There are more opportunities to perform human leukocyte antigen (HLA) -haploidentical stem cell transplantation and cord blood transplantation, and such procedures have become quicker. Since the management of infection and graft-versus-host disease (GVHD) has recently improved, the number of HLA-mismatched transplantations has increased. The HLA-Flow method detects mismatched HLA antigens between donor and recipient using specific anti-HLA antibodies, and analyzes mixed chimerism by flow cytometry. When recipient-derived cells are detected, their cell surface markers can be analyzed. Therefore, the HLA-Flow method is very valuable in early diagnosis of engraftment failure and relapse of leukemia, and in monitoring the number of tumor cells in a rapid and convenient manner. Loss of mismatched HLA in leukemia cells can be estimated using the combination of donor-specific HLA markers and leukemia markers. Since the HLA-Flow method provides a way of detecting chimerism at a high accuracy and high sensitivity, detection of microchimerism in peripheral blood after organ transplantation has become possible. If anti-HLA IgG-isotype antibodies with high affinity can be produced instead of commercially available IgM antibodies with low affinity, the HLA-Flow method is expected to become more prevalent.
Adult T-cell leukemia-lymphoma (ATL) is a mature T-cell neoplasm caused by human T-cell leukemia virus type-Ⅰ (HTLV-1) that has a poor prognosis. Median overall survival (OS) of patients with aggressive ATL treated by chemotherapy alone is about 1 year. Although allogeneic hematopoietic stem cell transplantation (allo-HSCT) has helped achieve OS improvement in aggressive ATL, transplant-related mortality (TRM) is high. To reduce TRM in allo-HSCT, prospective studies of reduced-intensity stem cell transplantation (RIST) using hematopoietic stem cells from peripheral blood, bone marrow, and umbilical cord blood have been conducted. The results suggest that RIST is feasible for elderly patients with ATL, and the existence of mild graft-versus-host disease contributes to better survival outcomes. It has been also demonstrated that Tax-specific T-cell responses might be associated with the graft-versus-ATL effect in patients with relapsed ATL who received RIST. Lack of immunity to viruses, such as cytomegalovirus, in patients who received allo-HSCT is a critical matter. Donor selection in allo-HSCT for ATL is also important, especially with respect to HTLV-1 carrier donor cell-derived ATL. An appropriate combination of allo-HSCT and molecularly targeted therapy is needed to improve OS in patients with ATL.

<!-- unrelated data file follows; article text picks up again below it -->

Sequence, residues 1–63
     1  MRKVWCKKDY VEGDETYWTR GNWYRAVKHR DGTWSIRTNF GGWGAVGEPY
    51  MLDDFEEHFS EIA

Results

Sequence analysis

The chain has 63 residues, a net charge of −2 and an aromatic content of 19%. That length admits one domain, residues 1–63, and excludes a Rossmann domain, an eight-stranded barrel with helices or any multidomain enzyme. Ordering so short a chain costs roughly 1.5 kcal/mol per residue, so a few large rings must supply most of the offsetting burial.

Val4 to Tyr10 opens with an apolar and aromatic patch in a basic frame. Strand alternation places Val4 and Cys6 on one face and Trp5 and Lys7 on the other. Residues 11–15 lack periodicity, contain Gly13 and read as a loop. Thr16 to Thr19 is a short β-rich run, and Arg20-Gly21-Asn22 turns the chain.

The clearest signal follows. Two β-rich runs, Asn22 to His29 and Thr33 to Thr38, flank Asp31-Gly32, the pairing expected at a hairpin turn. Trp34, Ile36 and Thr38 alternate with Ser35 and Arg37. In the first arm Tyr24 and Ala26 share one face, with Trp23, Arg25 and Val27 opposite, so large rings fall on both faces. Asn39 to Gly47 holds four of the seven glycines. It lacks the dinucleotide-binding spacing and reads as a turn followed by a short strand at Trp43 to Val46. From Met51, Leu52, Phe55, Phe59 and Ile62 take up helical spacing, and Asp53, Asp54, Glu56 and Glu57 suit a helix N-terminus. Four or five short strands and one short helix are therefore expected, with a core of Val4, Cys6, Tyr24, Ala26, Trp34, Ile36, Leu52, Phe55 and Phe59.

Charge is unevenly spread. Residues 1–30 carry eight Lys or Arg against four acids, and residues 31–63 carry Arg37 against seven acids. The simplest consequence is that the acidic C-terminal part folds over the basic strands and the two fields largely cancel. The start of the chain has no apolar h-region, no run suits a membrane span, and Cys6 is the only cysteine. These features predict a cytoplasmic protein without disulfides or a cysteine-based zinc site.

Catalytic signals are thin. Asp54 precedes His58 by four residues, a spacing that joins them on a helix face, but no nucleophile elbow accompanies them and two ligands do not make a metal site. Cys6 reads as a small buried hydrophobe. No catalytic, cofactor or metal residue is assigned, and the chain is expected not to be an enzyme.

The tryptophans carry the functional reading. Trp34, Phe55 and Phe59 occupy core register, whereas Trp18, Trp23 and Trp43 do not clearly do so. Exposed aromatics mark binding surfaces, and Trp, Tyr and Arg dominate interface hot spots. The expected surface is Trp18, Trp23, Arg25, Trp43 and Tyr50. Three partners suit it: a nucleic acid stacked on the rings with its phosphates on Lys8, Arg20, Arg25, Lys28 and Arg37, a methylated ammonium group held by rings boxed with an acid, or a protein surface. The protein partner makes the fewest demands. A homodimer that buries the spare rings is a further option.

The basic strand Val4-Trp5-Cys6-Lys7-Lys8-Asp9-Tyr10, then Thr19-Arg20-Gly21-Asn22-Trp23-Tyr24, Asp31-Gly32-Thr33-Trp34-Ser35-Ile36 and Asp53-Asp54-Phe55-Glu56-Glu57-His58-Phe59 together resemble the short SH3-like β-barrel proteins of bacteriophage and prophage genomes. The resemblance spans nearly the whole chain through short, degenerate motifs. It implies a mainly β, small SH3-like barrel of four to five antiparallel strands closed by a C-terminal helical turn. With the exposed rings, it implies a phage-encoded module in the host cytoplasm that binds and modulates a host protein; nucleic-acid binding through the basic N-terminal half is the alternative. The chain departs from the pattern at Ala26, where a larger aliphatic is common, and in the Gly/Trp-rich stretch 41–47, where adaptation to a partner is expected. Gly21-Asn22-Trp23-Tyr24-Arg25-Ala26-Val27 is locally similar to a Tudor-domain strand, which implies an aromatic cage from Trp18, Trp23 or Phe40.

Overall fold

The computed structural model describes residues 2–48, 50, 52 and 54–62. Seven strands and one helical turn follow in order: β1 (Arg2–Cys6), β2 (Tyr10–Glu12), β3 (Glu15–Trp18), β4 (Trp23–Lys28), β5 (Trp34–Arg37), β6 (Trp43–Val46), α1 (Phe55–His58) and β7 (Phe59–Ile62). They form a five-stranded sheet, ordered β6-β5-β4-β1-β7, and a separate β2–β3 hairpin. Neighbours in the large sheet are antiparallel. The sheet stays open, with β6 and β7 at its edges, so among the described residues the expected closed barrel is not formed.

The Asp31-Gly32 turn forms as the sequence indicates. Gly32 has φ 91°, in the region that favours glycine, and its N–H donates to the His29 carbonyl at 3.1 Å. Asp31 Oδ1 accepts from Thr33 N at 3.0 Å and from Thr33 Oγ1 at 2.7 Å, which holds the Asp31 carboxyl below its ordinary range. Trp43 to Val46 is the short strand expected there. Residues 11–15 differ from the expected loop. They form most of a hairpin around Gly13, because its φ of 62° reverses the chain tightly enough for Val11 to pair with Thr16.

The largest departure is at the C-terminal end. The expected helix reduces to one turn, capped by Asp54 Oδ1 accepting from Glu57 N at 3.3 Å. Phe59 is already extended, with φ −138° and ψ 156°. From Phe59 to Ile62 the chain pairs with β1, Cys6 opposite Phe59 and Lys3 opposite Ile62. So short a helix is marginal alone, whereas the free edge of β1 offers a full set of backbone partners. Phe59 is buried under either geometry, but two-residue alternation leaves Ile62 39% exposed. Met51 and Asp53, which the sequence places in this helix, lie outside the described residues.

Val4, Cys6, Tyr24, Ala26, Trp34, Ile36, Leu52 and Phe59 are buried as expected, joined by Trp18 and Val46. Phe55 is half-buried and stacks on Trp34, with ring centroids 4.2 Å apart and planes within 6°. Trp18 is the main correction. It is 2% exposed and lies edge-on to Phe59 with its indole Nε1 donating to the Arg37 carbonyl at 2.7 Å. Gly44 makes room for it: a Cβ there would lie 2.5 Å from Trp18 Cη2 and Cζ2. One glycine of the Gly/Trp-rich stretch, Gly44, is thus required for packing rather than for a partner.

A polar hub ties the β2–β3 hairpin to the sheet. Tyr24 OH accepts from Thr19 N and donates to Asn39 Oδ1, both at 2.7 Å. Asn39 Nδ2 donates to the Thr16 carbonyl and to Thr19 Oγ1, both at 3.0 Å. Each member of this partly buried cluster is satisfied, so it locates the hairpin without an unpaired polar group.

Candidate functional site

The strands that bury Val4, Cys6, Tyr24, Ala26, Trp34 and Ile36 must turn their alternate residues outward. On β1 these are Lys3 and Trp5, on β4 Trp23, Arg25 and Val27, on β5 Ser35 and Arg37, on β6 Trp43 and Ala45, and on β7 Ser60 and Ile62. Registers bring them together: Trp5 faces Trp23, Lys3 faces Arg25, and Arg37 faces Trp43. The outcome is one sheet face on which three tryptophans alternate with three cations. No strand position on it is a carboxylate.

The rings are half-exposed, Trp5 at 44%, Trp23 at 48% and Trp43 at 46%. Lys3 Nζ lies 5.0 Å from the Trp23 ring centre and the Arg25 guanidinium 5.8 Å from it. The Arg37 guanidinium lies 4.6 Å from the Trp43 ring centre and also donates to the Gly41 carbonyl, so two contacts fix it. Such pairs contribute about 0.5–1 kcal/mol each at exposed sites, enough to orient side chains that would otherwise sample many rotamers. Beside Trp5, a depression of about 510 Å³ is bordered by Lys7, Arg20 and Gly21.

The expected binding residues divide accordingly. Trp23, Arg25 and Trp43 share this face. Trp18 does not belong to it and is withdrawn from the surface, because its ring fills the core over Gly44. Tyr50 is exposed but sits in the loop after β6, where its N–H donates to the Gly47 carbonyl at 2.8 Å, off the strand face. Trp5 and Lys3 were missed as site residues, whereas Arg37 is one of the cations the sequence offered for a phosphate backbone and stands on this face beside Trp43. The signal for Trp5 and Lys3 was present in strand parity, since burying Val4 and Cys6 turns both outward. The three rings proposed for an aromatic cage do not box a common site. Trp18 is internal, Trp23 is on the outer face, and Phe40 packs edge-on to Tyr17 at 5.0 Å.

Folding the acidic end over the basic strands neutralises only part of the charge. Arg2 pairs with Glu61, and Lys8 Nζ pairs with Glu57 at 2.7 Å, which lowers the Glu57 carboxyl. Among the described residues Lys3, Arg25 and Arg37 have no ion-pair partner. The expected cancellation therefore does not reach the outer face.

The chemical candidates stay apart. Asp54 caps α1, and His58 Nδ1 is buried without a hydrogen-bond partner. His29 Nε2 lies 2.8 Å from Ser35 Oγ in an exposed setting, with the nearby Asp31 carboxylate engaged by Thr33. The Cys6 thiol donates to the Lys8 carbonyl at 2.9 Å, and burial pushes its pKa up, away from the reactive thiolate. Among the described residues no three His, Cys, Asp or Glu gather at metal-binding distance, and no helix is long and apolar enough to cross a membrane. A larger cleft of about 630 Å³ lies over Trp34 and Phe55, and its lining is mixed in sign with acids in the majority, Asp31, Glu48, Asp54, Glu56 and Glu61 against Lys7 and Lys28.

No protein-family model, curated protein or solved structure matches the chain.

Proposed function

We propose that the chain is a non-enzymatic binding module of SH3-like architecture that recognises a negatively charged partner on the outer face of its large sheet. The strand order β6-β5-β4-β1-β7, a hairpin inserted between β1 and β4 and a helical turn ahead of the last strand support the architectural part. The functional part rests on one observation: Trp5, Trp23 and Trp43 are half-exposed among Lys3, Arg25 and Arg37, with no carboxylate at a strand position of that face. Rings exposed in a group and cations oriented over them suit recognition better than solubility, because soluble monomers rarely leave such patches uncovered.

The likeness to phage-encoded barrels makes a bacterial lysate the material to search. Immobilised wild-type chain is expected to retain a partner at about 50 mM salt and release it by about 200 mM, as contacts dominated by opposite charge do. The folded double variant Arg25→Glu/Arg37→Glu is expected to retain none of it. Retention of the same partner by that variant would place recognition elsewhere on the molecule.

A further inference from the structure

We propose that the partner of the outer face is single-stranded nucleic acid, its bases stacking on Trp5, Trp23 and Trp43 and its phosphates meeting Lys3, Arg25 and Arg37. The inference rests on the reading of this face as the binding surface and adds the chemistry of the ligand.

This retrospective study evaluated the clinical significance of post-allogeneic hematopoietic cell transplantation serum ferritin (SF) levels and liver iron content (LIC), measured using liver magnetic resonance imaging (MRI). Twenty-three transplant recipients with hematologic diseases were included. The median duration from transplant to LIC measurement was 13.4 months (range: 2.2-84.6 months). The median SF and LIC values were 947ng/mL (range: 191-8,082ng/mL) and 250µmol/gdw (range: 60-360µmol/gdw), respectively. LIC was moderately correlated to SF (r=0.53) and the units of transfused red blood cells (r=0.50). SF was moderately correlated to the units of RBCs (r=0.45), transferrin (r=-0.43), unsaturated iron binding capacity (r=-0.50), and C-reactive protein (r=0.40). In conclusion, in post-transplant recipients, it is suggested that SF reflects a combination of factors including iron overload and inflammation or hepatitis, while LIC seems to be a good non-invasive technique to quantify total body iron stores.
Adult T cell leukemia/lymphoma (ATLL) is an aggressive peripheral T-cell neoplasm. Humanized anti-CC chemokine receptor 4 monoclonal antibody (mogamulizumab) has been shown to be effective for relapsed/refractory ATLL. However, the effects of mogamulizumab application before allogeneic stem cell transplantation are uncertain. Here, we present an ATLL patient who was administered mogamulizumab and suffered from refractory acute graft-versus-host disease (GVHD) following umbilical cord blood transplantation (UCBT). This was accompanied by delayed reconstitution and a long-lasting reduction of regulatory T cells (Tregs). We suggest that this attenuation of Tregs influenced the clinical course of the severe/refractory GVHD following UCBT in a patient pretreated with mogamulizumab therapy.